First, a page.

Discover the History of NYC’s Meatpacking District In 24 Hours
When I first moved to NYC, one of the neighborhoods I was immediately charmed by was the Meatpacking District. With its original cobblestone streets (to be more specific, they are technically called Belgian Blocks) and historic buildings, the place teemed with magnetic energy, magic, style, and charm.
This is a place where people want to be -- locals and visitors, alike -- so much so that I would be remiss to not mention that this neighborhood is also one experiencing some of the most intense development pressures, and therefore, skyrocketing rents (the ever-present, double-edged sword of an evolving and vibrant neighborhood).
Despite its popularity and never-ending weekend crowds, this neighborhood is a must-see. It’s a 20-square-block, 24-hour neighborhood on the West Side of Manhattan, flanked by Chelsea Market to the north and Horatio Street to the south. For preservationists and others who feel drawn to places rich in layered histories, the Meatpacking District provides a unique opportunity to engage in the tangible and intangible exploration of an old place experiencing rapid change, in a hyper-urban context.
Inherent to exploring any NYC neighborhood is giving yourself the chance to truly dig in and get to know the place from a variety of angles. Approaching a new place with a critical lens might be a more challenging methodology, but it’s something I like to take the time to do out of respect (and admiration) for the evolution and various versions -- over time.
The Meatpacking District has played a major role in the historical narrative of New York City as one of the first established hubs of activity -- dating back to the early 1800s -- that grew through that century into the meat and food market-filled industrial center that helped earn its current moniker.
Ready to observe, engage... and learn? Here are some suggestions for how one might experience a day in the Meatpacking District:
In the AM
This neighborhood really comes alive at night -- so the morning (around 10am or 11am) is actually an ideal time to meander through the relatively quiet streets, checking out the fabulous old buildings with all their industrial warehouse-character.
As you wander, do make sure to head down Gansevoort Street to get a feel for how this neighborhood evolved. I would suggest stopping by the historic Gansevoort Marketplace -- recently re-designed to meet the needs and interests of the changing neighborhood, but doing so by leveraging the past.
Did you know:
- Gansevoort Street was originally named after General Peter Gansevoort -- a Revolutionary War hero and grandfather of author Herman Melville (famous for penning Moby Dick).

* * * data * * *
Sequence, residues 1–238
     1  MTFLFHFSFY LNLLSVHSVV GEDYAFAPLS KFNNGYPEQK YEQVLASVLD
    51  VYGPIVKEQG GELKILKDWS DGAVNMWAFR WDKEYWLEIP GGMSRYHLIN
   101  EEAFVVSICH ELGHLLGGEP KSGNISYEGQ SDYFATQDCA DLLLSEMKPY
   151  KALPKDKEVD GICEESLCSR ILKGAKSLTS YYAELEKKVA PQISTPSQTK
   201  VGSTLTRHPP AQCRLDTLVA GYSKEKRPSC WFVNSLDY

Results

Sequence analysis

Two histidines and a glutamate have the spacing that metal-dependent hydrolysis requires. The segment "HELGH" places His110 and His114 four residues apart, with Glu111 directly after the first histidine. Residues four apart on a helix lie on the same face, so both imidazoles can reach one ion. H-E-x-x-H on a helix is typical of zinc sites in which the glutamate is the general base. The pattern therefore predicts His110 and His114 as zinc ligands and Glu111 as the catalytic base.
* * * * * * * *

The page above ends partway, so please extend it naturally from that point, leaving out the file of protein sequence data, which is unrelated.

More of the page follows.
- By 2003, only 35 of the 250 slaughterhouses and packing plants remained in the neighborhood.
In the PM
The newly re-imagined High Line, originally constructed in 1934 (at street level), is an excellent place to watch the sunset over the Hudson River. It is a one-mile-long, 35-foot-high, elevated public park whose southern end hovers over the Meatpacking District. With its height and therefore stunning views, plan to arrive at least 30 minutes before sunset to stake out your place. Perhaps grab a coffee at Kava Cafe beforehand.
Did you know:
- The High Line attracts nearly 6 million visitors each year.
- In 2003, the Greenwich Village Society for Historic Preservation (GVSHP) and its Save Gansevoort Market Task Force, along with the New York City Landmarks Preservation Commission (LPC), established the Gansevoort Market Historic District.
At night is when you will truly discover the “new” heart and soul of the neighborhood. Gone are the days of authentic meatpacking, with its associated blood running down the streets of the district, and in its place one will discover some of the most glamourous and interesting restaurants and bars.
For better or worse, the Meatpacking District of today is a very different neighborhood compared to its beginnings; now it’s the place to see and be seen -- especially at night. To that end, there are infinite options for late night dining, drinks, and socializing. Some of my favorites are: Bar Nana, Dos Caminos, El Colmado Butchery, Macelleria, and Spice Market.
Did you know:
- The Triangle Building, at West 14th Street + 9th Avenue, used to have sex clubs in its basement, and the infamous Pope of Pot was once a tenant. Today, the building includes grandfathered residential tenants, art galleries, and upscale eateries.
Bonus: Check out this cool project from photographer Brian Rose, who recently completed a photographic study of contrast and comparison in the Meatpacking District as it has transformed over the last 20 years from an open-air industrial meat market to a glittering hub of nightlife and restaurants. Rose originally photographed the area in 1985 and returned in 2013 to document the same street corners.
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